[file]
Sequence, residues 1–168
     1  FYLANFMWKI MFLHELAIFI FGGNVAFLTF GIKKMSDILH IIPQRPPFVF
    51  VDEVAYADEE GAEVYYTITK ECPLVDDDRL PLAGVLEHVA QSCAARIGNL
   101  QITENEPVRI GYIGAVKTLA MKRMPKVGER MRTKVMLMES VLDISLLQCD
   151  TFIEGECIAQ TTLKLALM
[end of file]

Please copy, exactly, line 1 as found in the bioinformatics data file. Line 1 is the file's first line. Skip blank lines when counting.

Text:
Sequence, residues 1–168